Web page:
‘Two po­ten­tial buy­ers’ for McDon­ald’s China

China Daily (Hong Kong) - - BUSINESS - By ZHU WENQIAN zhuwen­qian@chi­nadaily.com.cn

McDon­ald’s Corp is re­ported to have nar­rowed the po­ten­tial buy­ers of its China fran­chise to State-owned CITIC Group Corp and US-based pri­vate equity firm Car­lyle Group LP, and an an­a­lyst said he is bullish on the po­ten­tial trans­ac­tion.

“The po­ten­tial pur­chase by CITIC and Car­lyle is a pos­i­tive in­cen­tive for McDon­ald’s, as this would boost the ex­pan­sion of its stores and its busi­ness scale, and stim­u­late the cap­i­tal mar­ket,” said Zhu Dan­peng, a re­searcher at the China Brand Re­search In­sti­tute.

“The ac­qui­si­tion would greatly as­sist McDon­ald’s ex­pan­sion in third- and fourth-tier cities in China, and boost its lo­cal­iza­tion strate­gies.”

But McDon­ald’s China re­fused to com­ment on the de­tails of the deal.

McDon­ald’s plans to sell its stores in the Chi­nese main­land and Hong Kong, with a re­ported trans­ac­tion value of $2 bil­lion. The fast-food chain said there isn’t any de­tailed sched­ule on the deal, and it will an­nounce the de­tails once they have been con­firmed.

Since the an­nounce­ment that McDon­ald’s would in­tro­duce strate­gic in­vestors to its China fran­chise in March, many Chi­nese en­ter­prises, in­clud­ing Bei­jing Tourism Group and San­power Group, have shown their in­ter­est in mak­ing an in­vest­ment.

Since en­ter­ing the Chi­nese main­land in 1990, McDon­ald’s now op­er­ates more than 2,200 stores in the main­land. Yet, with an emerg­ing mid­dle class and their ris­ing in­come, some lo­cal cater­ing chains and for­eign cafe chains are tak­ing cus­tomers away from fast­food op­er­a­tors.

From July to Septem­ber, McDon­ald’s saw its net profit fall by 3 per­cent in the Chi­nese main­land year-on-year, ac­cord­ing its earn­ings re­port.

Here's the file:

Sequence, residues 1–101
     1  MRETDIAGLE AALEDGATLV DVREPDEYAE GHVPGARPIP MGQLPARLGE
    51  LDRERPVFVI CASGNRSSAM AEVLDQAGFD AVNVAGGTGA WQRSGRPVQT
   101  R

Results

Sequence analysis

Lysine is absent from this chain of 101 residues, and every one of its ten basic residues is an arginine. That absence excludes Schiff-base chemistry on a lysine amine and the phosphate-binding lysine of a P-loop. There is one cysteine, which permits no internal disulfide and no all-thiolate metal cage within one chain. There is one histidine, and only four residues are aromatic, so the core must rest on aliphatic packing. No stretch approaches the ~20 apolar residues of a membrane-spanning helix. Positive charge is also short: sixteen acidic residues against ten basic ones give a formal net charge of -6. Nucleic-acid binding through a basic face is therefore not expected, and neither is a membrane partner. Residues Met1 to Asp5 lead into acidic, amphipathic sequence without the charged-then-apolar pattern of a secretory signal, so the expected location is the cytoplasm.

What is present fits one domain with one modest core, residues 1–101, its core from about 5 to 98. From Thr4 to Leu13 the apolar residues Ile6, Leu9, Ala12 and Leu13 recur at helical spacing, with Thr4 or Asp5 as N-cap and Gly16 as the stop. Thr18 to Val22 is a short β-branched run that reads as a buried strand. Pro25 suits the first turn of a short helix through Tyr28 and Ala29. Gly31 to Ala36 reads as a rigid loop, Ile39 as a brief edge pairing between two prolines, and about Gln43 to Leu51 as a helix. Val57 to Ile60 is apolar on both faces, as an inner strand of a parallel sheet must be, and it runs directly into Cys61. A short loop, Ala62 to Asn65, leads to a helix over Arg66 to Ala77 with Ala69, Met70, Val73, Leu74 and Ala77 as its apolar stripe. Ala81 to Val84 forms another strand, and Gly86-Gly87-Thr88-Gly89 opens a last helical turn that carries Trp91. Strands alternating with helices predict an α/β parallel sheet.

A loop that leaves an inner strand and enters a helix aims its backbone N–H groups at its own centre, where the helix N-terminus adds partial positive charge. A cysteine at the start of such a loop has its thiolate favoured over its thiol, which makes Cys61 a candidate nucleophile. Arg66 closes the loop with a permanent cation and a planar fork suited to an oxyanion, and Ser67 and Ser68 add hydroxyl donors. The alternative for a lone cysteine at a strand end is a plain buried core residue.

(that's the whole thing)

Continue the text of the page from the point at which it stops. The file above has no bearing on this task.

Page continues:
McDon­ald’s is up­grad­ing its hard­ware and the over­all cus­tomer ex­pe­ri­ence to at­tract more din­ers. In early De­cem- to ber, McDon­ald’s up­graded its first restau­rant in Shen­zhen with im­prove­ments to its dig­i­tal hard­ware and of­fer­ing more per­son­al­ized prod­ucts.

The up­grad­ing in­cludes the launch of a sep­a­rate or­der­ing and pickup ar­eas, a touch­screen or­der­ing ma­chine with a per­sonal touch for cus­tomers to fine-tune their or­ders, such as “no ice” for drinks or “no sauce” for burg­ers. In ad­di­tion, McDon­ald’s changed its menus to live screens with a com­bi­na­tion of pictures, videos and words, and stores can change their pre­ferred menus.

By the first half of 2017, the fast-food chain said it is es­ti­mated that ap­prox­i­mately 1,000 restau­rants in 13 cities na­tion­wide will com­plete their hard­ware up­grade, ac­count­ing for 40 per­cent of its out­lets in the Chi­nese main­land.

“With the rise of dig­i­tal­iza­tion and O2O de­vel­op­ment, the life­style of Chi­nese con­sumers has been chang­ing con­stantly. We plan to de­liver bet­ter ex­pe­ri­ences at our restau­rants, and put more choice and con­trol in the hands of our cus­tomers,” said Phyl­lis Che­ung, CEO of McDon­ald’s China.

McDon­ald’s archri­val Ken­tucky Fried Chicken launched its first ar­ti­fi­cial in­tel­li­genceen­abled store in Bei­jing last week, and the com­pany said it planned to fur­ther ex­pand its lay­out of smart restau­rants.


A man in Ron­ald McDon­ald cos­tume per­forms at an McDon­ald’s out­let in Shen­zhen, Guang­dong prov­ince.

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